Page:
A Guide to Archways OCD And BFRB Clinic

A Guide to Archways OCD And BFRB Clinic

A Guide to Archways OCD And BFRB Clinic

A Guide to Archways OCD And BFRB Clinic

All of us have the occasional anxious bouts of “did the lock the door?” but we usually try our best to quell it into a more manageable thought. If your thoughts along these lines have been persistent and if it has been dominating your thinking process, interrupting daily regular thoughts on its way, you might be a victim of obsession.

Naturally, you would try to quench your obsession and reduce or prevent the anxiety by indulging in compulsive behavior. The fact that this behavior is excessive or unrealistic is not within your control- at least not without some nudge. If you fear contamination with germs, you  might end up washing your hands repeatedly just to neutralize the thought. Except the thoughts do not stop even after you clean up once.

If you suffer from such issues bordering on Obsessive Compulsive Behavior, you might already know that your compulsive behavior is largely irrational and does not make much of a logical sense, but you still cannot stop acting on it because you feel the need to do it just in case.

 Know All About Obsessive Compulsive Disorder (OCD)

Obsessive Compulsive Disorder impacts 1 to 2 individuals out of a whole of 100. OCD usually involves obsessive thoughts, ideas, images, impulses, and doubts, succeeded by compulsive actions and thoughts targeted at neutralizing the said obsessions. It is a cycle of unhealthy behavior and thought, and it can prove to be highly inconvenient in our day to day functioning.

OCD has 3 primary elements:

  • obsessions: unwanted, intrusive and distressing image, thought, or urge repeatedly entering your mind
  • emotions: the obsessions causing a feeling of intense distress or anxiety
  • compulsions: repetitive behaviors or mental acts you feel driven to perform as a way of neutralizing the anxiety and distress triggered by the obsession

Obsessions can be based on varying subject matters, but they are not the same as “worries” in that obsessions are excessive and are usually inconsistent with your character or values. Compulsions are typically behaviors such as washing/cleaning, ordering, checking, repeating an action, but they can also be thoughts such as mental checking, reassurance seeking, reviewing memories, distracting/blocking, and counting.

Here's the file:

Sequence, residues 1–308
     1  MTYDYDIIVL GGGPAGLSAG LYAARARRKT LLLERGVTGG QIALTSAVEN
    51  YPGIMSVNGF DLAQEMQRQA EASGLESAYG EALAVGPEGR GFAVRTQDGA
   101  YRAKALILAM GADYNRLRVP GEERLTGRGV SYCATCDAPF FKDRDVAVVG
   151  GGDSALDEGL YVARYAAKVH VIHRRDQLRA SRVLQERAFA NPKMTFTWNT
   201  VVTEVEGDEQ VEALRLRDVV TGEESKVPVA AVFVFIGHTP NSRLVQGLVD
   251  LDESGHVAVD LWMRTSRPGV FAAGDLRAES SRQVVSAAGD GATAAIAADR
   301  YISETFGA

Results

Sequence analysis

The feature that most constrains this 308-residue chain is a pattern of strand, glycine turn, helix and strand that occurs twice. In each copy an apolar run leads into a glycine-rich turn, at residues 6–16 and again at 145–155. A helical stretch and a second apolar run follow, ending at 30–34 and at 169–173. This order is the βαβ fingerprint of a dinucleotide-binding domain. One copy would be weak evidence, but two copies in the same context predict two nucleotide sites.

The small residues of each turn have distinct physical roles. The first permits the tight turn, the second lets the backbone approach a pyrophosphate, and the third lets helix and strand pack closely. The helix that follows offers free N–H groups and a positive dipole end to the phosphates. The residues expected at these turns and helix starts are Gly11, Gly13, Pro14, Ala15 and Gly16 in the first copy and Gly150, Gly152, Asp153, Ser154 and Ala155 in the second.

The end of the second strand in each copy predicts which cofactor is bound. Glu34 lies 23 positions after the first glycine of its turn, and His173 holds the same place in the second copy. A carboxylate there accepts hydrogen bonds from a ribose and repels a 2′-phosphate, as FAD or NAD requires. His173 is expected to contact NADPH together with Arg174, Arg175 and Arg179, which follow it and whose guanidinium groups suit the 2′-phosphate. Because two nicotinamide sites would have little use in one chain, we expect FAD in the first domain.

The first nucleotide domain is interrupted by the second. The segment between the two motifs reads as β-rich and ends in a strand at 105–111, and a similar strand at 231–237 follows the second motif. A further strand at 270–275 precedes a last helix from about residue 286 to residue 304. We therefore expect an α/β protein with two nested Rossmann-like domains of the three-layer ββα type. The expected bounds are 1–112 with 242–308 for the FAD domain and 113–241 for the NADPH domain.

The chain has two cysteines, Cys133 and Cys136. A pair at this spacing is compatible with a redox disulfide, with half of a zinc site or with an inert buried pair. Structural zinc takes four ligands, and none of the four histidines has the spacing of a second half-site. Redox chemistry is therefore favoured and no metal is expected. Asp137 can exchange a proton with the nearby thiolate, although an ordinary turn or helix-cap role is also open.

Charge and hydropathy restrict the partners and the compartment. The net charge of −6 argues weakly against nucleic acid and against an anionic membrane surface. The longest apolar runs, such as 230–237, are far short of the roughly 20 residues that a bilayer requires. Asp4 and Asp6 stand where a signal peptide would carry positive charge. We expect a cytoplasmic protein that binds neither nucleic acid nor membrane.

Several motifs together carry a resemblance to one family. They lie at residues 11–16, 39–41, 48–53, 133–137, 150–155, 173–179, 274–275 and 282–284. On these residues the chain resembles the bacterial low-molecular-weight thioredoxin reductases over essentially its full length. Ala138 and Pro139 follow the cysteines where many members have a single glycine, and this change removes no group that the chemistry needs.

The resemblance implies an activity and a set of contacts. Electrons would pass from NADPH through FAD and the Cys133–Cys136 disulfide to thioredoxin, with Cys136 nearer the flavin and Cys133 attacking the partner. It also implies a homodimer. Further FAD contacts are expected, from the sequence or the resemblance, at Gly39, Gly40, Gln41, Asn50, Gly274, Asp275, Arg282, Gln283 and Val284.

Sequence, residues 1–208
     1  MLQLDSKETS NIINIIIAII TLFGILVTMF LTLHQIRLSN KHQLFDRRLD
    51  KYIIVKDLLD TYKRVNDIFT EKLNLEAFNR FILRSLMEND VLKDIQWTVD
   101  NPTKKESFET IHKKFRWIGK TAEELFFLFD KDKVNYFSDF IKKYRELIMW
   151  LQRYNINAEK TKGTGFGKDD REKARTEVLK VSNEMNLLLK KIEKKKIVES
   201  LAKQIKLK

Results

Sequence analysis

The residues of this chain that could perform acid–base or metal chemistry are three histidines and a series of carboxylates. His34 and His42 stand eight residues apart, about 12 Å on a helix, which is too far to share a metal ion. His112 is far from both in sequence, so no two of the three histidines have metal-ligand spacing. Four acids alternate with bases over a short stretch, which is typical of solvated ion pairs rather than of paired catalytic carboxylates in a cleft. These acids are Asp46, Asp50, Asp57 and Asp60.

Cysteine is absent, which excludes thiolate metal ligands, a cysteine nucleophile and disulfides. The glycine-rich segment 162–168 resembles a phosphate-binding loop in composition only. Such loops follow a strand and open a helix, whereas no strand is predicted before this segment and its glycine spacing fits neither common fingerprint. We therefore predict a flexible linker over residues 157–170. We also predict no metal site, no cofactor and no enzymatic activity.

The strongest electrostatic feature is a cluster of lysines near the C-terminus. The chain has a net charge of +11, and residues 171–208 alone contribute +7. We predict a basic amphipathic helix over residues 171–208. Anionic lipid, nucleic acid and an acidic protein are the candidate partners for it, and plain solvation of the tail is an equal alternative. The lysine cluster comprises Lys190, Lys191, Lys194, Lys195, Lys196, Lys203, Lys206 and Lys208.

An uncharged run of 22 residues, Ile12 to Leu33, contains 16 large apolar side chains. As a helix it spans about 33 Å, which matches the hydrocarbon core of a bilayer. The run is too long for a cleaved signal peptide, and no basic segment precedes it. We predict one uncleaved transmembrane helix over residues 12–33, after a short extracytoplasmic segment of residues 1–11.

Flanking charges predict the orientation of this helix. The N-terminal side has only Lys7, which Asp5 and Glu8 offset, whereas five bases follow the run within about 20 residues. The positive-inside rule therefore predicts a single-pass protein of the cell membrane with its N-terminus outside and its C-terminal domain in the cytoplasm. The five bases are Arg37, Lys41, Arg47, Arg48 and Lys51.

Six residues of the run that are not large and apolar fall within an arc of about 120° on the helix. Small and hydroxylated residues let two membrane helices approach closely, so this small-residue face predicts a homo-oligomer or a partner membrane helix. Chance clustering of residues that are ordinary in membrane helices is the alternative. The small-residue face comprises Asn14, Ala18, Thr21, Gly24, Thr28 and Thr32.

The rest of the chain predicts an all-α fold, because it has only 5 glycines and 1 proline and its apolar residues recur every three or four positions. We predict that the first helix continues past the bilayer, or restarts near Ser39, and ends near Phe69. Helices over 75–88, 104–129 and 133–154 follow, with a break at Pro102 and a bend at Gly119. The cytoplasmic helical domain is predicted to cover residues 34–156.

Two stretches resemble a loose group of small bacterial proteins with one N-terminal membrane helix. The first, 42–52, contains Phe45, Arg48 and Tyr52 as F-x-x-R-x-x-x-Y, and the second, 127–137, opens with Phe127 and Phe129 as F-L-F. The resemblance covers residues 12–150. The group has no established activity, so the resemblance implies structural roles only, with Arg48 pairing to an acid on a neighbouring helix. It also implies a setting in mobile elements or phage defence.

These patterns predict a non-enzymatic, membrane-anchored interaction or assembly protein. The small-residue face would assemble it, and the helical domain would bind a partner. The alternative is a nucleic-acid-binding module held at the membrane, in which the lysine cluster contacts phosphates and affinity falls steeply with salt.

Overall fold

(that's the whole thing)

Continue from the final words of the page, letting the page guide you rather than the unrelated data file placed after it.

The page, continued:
What Are Obsessive-Compulsive Related Disorders?

There are behavioral issues that look quite similar to OCD but aren’t quite so. It is important to carefully assess the problem before dipping our toes into treatment methods. You can have a diagnosis of OCD alongside other OCD-related disorders such as Body Focused Repetitive Behaviors (BFRBs), Body Dysmorphic Disorder (BDD), and Hoarding Disorder. You can use our confidential (and free) OCD screening tool to understand if you have symptoms of OCD.

Archways Center for CBT happens to be an institutional member of the International OCD Foundation (IOCDF), and our roster includes clinicians with specialized training in OCD treatment and the proper care for other conditions related to OCD. We work alongside children of 6 years of age and above, adolescents, as well as adults up to 65 years of age. There aren’t many clinicians trained in the up-to-date evidence-based therapies for BFRBs and OCD, so if you want our services virtually across Ontario, Archways can help. If you think we can help you out, reach out to us today!

 

ABOUT AUTHOR

Joanna Jeffers

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